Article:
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Thousands of people will throng Sydney’s streets for Vivid 2015, which opens this weekend.

Vivid Sydney: contemporary art – or just a bright night out?

Vivid Sydney draws larger crowds each year and when it opens this weekend, the streets will be packed. Are events like Vivid Sydney and Paris' Nuit Blanche artistically valuable – or just a lot of fun?
One of four koalas on loan to Singapore Zoo, where they were unveiled to the public on Wednesday May 20. Qantas Airways

Koalas, platypuses and pandas and the power of soft diplomacy

Four female koalas have just made their debut in front of an adoring public at Singapore Zoo – the latest in a long line of animals used for diplomatic purposes, going back to Winston the platypus.
What exactly are our current global character designs communicating? Juliana Cuervo

21st-century character designs reflect our concerns, as always

Characters are designed to respond to specific concerns relative to time and context. But as we move deeper into the 21st century, what are those concerns, and how do they differ from those in the 20th century?
Zannoni’s 1771 Map of the British Isles shows the heart of the “civilised” world – at least according to Adam Smith when he was writing The Wealth of Nations. Wikimedia Commons/Geographicus Rare Antique Maps

Savage peoples: the racism of Adam Smith in Wealth of Nations

To burnish the virtues of "civilised" Europe, Adam Smith relies on a barrage of racial insults. Where did his information about the so-called "savage peoples" come from in the first place?
Julie Bishop and Tony Abbott are firm advocates of human rights when Australians are executed but not when asylum seekers are involved. AAP/Lukas Coch

Hard line on refugees undermines principled opposition to execution

In condemning Indonesia's execution of Andrew Chan and Myuran Sukumaran, Australia has relied on the same human rights obligations that it rejects when applied to asylum seekers.
‘Let me try and put sacked SBS sports journalist Scott McIntyre’s tweets in historical perspective.’ EPA/Sedat Suna

Anzacs behaving badly: Scott McIntyre and contested history

It is naïve to expect men to kill and die for their country, to live through the horrors of a particularly barbaric war, and to come out the other end unscathed – despite our popular myths.
Livestock wagon with Armenians in the Summer or Autumn 1915. Historisches Institut der Deutschen Bank, Frankfurt.

Join the dots between Gallipoli and the Armenian genocide

In 1915 and 1916, the Ottoman Armenians were destroyed as an organised community and more than one million of their number were killed – just as the Allies' failed invasion of Gallipoli took place.
Abu Bakr al-Baghdadi, the spiritual and political head of IS, is a clever theologian and Qur’anic artisan. EPA/Islamic State Video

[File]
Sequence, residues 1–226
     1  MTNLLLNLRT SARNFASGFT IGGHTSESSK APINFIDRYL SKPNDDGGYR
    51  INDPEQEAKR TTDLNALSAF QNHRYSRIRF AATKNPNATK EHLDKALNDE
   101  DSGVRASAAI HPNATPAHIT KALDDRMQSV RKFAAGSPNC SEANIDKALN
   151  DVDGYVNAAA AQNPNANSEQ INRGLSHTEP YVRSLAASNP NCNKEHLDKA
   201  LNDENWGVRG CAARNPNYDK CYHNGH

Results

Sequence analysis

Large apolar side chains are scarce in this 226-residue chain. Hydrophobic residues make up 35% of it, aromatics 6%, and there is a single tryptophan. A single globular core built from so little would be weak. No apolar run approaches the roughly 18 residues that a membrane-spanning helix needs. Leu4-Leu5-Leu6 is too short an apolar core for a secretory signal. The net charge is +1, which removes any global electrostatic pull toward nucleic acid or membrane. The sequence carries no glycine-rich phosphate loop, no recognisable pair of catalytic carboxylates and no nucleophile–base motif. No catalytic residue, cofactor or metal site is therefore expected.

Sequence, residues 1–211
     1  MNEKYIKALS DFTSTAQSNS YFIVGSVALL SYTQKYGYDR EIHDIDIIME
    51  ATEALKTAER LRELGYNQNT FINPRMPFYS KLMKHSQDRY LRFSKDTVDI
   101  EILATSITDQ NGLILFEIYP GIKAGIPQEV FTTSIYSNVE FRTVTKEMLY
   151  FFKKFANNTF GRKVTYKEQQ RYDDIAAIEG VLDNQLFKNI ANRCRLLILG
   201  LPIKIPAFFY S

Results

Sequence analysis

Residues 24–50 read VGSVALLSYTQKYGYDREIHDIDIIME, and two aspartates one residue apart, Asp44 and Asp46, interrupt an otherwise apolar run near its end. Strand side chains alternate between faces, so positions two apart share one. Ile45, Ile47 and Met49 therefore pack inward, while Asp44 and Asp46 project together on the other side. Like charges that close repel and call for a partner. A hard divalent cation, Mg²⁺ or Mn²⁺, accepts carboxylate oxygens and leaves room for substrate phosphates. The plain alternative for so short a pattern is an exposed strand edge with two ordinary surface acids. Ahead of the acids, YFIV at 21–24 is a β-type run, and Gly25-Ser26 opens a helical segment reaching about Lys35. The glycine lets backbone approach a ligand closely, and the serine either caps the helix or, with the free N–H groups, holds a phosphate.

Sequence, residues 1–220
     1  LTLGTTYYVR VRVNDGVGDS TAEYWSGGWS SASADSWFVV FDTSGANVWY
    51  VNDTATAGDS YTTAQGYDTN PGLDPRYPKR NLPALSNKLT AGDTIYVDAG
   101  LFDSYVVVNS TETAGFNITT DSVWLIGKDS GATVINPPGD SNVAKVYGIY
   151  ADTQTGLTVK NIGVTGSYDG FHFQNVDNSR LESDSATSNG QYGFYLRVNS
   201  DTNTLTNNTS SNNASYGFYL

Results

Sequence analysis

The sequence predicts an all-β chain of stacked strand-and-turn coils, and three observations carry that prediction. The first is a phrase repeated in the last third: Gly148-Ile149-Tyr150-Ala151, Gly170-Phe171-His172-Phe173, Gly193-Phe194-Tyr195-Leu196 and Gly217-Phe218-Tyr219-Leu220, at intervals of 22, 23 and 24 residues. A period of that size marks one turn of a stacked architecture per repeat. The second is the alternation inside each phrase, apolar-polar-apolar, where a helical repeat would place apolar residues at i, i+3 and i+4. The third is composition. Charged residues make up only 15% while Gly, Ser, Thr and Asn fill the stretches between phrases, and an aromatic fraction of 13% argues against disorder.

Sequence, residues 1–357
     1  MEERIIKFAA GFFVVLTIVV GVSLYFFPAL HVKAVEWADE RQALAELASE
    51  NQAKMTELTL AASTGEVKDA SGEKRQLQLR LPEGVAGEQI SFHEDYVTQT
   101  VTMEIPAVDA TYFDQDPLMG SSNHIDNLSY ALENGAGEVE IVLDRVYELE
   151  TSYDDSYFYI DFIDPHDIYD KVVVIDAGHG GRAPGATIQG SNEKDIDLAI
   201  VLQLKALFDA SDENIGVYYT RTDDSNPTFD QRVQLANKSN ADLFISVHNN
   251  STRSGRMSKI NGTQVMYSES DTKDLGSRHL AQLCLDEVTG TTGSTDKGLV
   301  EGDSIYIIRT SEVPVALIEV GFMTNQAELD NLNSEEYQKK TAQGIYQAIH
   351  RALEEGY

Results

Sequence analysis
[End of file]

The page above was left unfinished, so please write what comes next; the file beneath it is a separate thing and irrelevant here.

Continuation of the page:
Believe it or not, we could actually learn something from Islamic State

Abu Bakr al-Baghdadi, the spiritual and political head of IS, is a clever theologian and Qur’anic artisan. We would do well to better our own interfaith theological understanding.
A fantasy about free markets in primitive society lies at the heart of Adam Smith’s wealth of nations – but did they ever exist? Steve Rhodes/Flickr

The myth that holds Adam Smith’s Wealth of Nations together

The myth that our primitive forebears were capitalists at heart is fundamental to Adam Smith's arguments in The Wealth of Nations.
Three of the seven seats in the High Court of Australia will soon be filled by women judges. Lukas Coch/AAP

Two-for-one: a good new High Court judge, and a woman to boot

Now that women will make up 40% of High Court judges come June 2015, is gender now irrelevant? Hardly. Women have made up slightly less than 10% of all High Court judges in the court’s history.
Coal seam gas has proved a hot topic ahead of the NSW election, not only on the campaign trail but also on social media, where a ‘social mood reader’ can reveal the depth of community feeling. NewZulu/Tony Markham/AAP

Finding new ways to track voters' moods, beyond polls and punters

Beyond polls and betting markets, how else can we gauge how people feel ahead of future elections? Social media is a goldmine, and one of the newer ways to tap into it is with a "social mood reader".
Archival photographs such as the above, from Gallipoli, are one resource documentary makers draw upon to communicate understandings of historical events. Australian War Memorial/Flickr

Who tells our stories? The first world war on the small screen

War history used to be brought to TV audiences by donnish lecturers but historical reconstructions now hold sway. Two recent docos about Gallipoli are hybrid examples of the form that help us better understand the past.
Rio Tinto’s Mount Thorley-Warkworth mine in the Hunter Valley, which looks set to expand further. The NSW planning department says it would “not be reasonable” to require Rio Tinto “to completely or even partially backfill the final void”. Lock The Gate Alliance/Flickr

Disused mines blight New South Wales, yet the approvals continue

There are hundreds of derelict mine sites across New South Wales – and the state planning department has admitted it is "not aware of the total size" of large mining voids currently being left behind.
China’s government says it plans to tackle smog, but has also moved to shut down criticism on the issue in the wake of a popular online documentary. EPA/DIEGO AZUBEL

China’s ‘Silent Spring’ has many more political hurdles to jump

Under the Dome, a hugely popular online documentary about China's smog crisis, could be as influential as 1962's US pesticide exposé Silent Spring - but only if Chinese officials allow debate to flourish.

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